PORTLAND, Me- A Rotarian with the Rotary Club of Portland, reported about the bateyes, near La Romana, in the Dominican Republic.
Rotarian David Small reported that 140 new, lighter and easier to install water filters were provided to Haitian residents living in the bateyes.
Rotarians from the Rotary Club of Portland have traveled to the Dominican Republic for the past 16 years, to provide humanitarian assistance to the Dominicans and to the Haitian sugar cane workers, who are living in residences called “bateyes”.
A batey is a company town consisting of barracks and a few houses, located close to sugar cane fields, where, primarily, Haitians work. (Haitian people speak Creole, a language with roots in the classic Romance languages and influenced by French.)
Portland Rotarians David Small, William Blount and Richard Giles accompanied fellow Rotarians Dr. Roger Fagan and his wife Dr. Elizabeth Fagan, on their May, 2017, mission to the Dominican Republic. They went to continue the program known as “3H”, an acronym for “hearing, hands and water- H2O”. This assistance is given to people living in the community of La Romana and to the Haitian people, who live in the area bateyes. Dr. Roger Fagan is an audiologist and his wife Dr. Elizabeth Fagan is a speech language pathologist. They volunteer with clients who are hearing impaired, at a clinic in LaRomana. A second team of volunteers assisted with providing artificial hands to people who experienced amputations due to injuries or other causes.
At the same time, Rotarians also provided water filters and solar lamps to Haitian people who are living in the bateyes.
David Small gave this following information in his report to Portland Rotarians, after returning from the May, 2017, Dominican Republic mission:
Many have heard us talk about our work in the bateyes. In fact, a batey is a sugar cane company owned town, or village, where the people who work and their families, receive housing. Although that might sound like a convenience, the conditions are quite deplorable. More often than not, the dwellings are attached, barracks type buildings. Sometimes, they are made of wood. Sometimes, constructed with concrete block. Sometimes, they are made of stucco. They usually have no electricity, no plumbing, and no running water. In fact, water is either collected in rain barrels or drawn from a central spigot, that might be several hundred yards away. Nevertheless, the water is not potable. As a result intestinal issues are very common. Moreover, the majority of the dwellings have no stoves on which to boil water. They just have something that resembles a small wood fired grill. Sometimes, these grills are found burning inside or just outside the housing units.
Each unit in the bateyes usually consist of something on the order of rooms about 8×10 feet, or even smaller. One room is used as a kitchen and eating area. A second room is a bedroom for the whole family. Sugar cane workers are often away in the fields, cutting approximately one ton of sugar cane per day, with a machete. Their pay consists of five bucks for the whole day. Typically, each batey has a church, a school and a commissary. One resident in the batey is hired to be the water monitor. It’s that person who tries to impart knowledge about how to make water safer to use, by boiling. They also teach resident how to collect and store water. When an opportunity arises, the monitors assist with directing who will be entitled to receive a water filter from the 3H program. They also designate who can benefit from having one of the solar lights, donated by the Portland Rotarians. When the team rolls into the batey, they arrive with a hospital representative and interpreters. First, they locate the batey’s water monitor. Then, they proceed to the church or school, for a training session with the local families. The workers are primarily migrant Haitians, because the Dominicans are not inclined to do this work or endure the living conditions in the bateyes. Hence, interpreters need to speak Spanish, French and / or Creole. A review of the installation and maintenance of the water filters are taught, after the residents receive education regarding proper hygiene. Their instruction includes the proper disposal of diapers and about how hand borne bacteria is easily spread (hand washing). After the training, the Rotarians split into teams with the interpreters. They have a list of names and dwelling numbers of the places identified for them as being eligible for a filter. They set about knocking on doors. Nearly everyone selected is delighted to get a filter and grateful to have been chosen. After many years of installing the sand filters, which take many parts and pieces, as well as about 30 or so pounds of three types of sand, this year, the process switched to a simpler 6 piece plastic system with ceramic filter that resembles table top iced tea or lemonade dispensers, with a spigot. These are far more compact, lighter, easier to install and less expensive. Therefore, the water filter teams were able to purchase and install 140 this year.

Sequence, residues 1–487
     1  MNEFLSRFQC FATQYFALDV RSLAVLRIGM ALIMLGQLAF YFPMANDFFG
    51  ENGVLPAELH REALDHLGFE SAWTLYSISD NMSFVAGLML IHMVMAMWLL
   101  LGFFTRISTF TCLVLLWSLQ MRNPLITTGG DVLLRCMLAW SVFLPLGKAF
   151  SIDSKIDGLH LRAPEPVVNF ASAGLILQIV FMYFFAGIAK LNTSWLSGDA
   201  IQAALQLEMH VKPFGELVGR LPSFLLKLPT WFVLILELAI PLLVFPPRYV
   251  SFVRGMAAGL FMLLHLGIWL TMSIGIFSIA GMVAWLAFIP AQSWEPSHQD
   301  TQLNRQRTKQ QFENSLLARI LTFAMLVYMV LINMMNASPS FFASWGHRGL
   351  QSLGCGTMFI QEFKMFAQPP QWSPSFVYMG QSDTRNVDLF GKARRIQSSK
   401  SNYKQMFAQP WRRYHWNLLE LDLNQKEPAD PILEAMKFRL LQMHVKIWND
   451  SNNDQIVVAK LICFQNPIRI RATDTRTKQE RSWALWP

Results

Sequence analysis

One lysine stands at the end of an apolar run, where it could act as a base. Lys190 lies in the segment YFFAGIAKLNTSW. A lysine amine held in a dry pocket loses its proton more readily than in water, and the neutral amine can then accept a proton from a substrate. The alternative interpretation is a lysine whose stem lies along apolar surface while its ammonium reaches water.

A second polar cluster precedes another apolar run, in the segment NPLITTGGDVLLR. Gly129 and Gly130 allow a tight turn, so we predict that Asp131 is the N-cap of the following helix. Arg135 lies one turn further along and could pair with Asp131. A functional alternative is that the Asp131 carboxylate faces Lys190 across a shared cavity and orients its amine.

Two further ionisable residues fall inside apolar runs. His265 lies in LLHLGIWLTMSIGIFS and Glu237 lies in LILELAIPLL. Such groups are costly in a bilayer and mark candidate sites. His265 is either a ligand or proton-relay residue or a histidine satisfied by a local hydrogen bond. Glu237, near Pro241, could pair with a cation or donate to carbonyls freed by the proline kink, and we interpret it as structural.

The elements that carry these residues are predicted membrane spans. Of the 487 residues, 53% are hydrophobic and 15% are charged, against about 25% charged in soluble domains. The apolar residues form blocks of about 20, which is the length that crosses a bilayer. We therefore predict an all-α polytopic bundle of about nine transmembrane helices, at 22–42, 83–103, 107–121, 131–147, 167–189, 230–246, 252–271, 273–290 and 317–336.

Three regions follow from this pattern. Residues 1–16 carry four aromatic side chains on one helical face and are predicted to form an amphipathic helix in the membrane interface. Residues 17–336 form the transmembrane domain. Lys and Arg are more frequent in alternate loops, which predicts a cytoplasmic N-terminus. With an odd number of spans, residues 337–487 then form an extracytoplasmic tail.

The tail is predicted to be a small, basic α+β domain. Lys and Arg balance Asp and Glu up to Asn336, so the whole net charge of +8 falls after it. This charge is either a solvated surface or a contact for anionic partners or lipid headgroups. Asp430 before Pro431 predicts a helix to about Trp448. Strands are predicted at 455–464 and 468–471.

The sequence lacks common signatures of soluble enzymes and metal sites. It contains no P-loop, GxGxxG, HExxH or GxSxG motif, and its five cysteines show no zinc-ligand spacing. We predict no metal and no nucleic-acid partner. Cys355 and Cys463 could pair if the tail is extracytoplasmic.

We feel remarkably good about our experience, in spite of experiencing the heat, and humidity, while working in pretty dusty and dirty conditions, We have seen how our work improved the quality of life for all those who now have clean drinking water. The same goes for those who receive the gift of hearing and those who receive a new artificial hand. All who can make this journey are encouraged to join us. I promise you will not be disappointed.
More information about the Portland Rotary “3H” Dominican Republic program is available by contacting Dr. Fagan at email@example.com.